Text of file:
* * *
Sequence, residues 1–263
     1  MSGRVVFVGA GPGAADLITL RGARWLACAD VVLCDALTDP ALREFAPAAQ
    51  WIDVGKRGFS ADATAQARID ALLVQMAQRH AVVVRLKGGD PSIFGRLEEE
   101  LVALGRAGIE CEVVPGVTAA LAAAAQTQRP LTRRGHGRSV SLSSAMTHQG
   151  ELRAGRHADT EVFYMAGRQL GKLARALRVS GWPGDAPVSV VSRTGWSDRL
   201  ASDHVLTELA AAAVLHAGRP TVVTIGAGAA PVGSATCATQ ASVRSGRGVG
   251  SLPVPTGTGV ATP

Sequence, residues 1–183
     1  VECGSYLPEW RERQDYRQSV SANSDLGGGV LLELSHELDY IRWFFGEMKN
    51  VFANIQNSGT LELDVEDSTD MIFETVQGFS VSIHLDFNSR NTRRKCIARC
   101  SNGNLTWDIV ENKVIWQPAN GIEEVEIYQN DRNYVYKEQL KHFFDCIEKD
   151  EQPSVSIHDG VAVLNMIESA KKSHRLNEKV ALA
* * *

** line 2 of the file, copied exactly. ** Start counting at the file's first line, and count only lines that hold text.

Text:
     1  MSGRVVFVGA GPGAADLITL RGARWLACAD VVLCDALTDP ALREFAPAAQ